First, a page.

The Duke and Duchess of Cambridge embraced Bafta’s message of sustainability by re-wearing outfits at this year’s glittering ceremony.
The royal couple smiled for film fans, many of whom had queued since early morning for prime star-spotting positions, as they walked down the recycled red carpet outside the Royal Albert Hall on Sunday evening.
Kate stunned in an embroidered white Alexander McQueen dress with gold detail, which she last wore on the couple’s Malaysia tour in 2012, while her husband sported a tuxedo he has also worn before.
The duchess, who is no stranger to recycling some of her favourite fashion pieces, had her hair swept up and carried a sparkly gold clutch bag.
Holding her dress up slightly as she negotiated the steps, Kate appeared to thank a well-wisher who told her “You look beautiful” while another added “You too Will.”
Bafta has worked with the London College of Fashion to create guidance for guests on how to make sustainable fashion choices as part of efforts to make the ceremony carbon neutral for the first time.
Ahead of the ceremony, Bafta chairwoman Dame Pippa Harris said they did not want to “police” what people do, but wanted to provide options.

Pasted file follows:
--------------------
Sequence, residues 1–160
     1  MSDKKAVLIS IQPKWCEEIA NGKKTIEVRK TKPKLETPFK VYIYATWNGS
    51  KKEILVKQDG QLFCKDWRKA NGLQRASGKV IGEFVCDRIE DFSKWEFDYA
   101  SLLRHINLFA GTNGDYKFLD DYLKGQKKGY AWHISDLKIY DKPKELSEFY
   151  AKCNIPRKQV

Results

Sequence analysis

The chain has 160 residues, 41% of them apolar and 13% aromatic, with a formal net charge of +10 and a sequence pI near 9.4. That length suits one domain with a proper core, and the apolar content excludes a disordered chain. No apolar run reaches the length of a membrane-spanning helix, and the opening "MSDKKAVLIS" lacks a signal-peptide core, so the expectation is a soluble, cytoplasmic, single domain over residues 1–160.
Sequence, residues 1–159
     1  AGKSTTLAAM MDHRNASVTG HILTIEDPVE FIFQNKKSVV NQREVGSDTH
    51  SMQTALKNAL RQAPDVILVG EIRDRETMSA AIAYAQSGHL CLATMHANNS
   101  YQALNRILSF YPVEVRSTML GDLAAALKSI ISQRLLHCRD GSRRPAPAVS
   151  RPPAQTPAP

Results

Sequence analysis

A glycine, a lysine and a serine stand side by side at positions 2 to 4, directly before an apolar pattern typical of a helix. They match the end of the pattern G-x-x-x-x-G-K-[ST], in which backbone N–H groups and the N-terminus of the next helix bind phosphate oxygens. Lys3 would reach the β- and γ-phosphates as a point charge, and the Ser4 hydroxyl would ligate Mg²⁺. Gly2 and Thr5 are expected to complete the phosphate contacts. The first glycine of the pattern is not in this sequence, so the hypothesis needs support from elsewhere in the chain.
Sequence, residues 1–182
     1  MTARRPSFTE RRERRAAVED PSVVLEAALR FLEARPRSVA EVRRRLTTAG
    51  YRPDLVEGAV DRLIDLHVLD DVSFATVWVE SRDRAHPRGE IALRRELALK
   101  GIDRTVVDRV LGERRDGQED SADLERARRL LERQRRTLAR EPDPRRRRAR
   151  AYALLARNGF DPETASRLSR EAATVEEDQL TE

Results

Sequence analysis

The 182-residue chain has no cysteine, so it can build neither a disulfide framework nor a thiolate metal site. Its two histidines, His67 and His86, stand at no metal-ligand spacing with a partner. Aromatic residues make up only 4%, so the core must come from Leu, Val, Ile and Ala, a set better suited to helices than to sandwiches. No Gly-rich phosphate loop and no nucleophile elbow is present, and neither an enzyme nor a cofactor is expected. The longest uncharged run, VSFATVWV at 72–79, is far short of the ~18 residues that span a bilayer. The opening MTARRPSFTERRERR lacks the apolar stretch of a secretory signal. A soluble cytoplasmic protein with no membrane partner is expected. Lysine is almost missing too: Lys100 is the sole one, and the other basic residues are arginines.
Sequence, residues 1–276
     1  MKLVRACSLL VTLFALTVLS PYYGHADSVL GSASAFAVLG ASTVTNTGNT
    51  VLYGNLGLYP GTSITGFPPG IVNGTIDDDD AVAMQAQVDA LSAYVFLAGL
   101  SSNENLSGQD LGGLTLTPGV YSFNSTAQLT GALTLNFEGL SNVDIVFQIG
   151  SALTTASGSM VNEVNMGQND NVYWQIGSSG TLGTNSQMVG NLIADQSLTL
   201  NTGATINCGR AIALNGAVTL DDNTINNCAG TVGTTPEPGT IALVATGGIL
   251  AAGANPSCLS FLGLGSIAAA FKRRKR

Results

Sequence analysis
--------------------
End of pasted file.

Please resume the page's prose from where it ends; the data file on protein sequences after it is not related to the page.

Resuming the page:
She said: “It’s a combination of suggesting that people might want to re-wear or they might want to hire something rather than buying it.”
Inside the famous London venue, Hollywood royalty rose from their seats as William and Kate made their way to the front to take their places for the evening, during which the duke will present the fellowship award to film producer Kathleen Kennedy.
The Bafta Fellowship is awarded annually at the event and is the highest accolade bestowed by the academy to an individual in recognition of an outstanding and exceptional contribution to film, television or games.
This year marks William’s tenth as president of the academy and both he and Kate have supported Bafta’s charitable activities by attending events in the charity’s learning programmes.
Last month, William met commissioning editors from across the broadcast industry to discuss the environment, the impact it will have on the programmes they create, and the way in which TV and programming can have a positive impact on repairing the planet.
The royal family has a long-standing relationship with Bafta, with William’s grandfather the Duke of Edinburgh appointed its first president in 1959.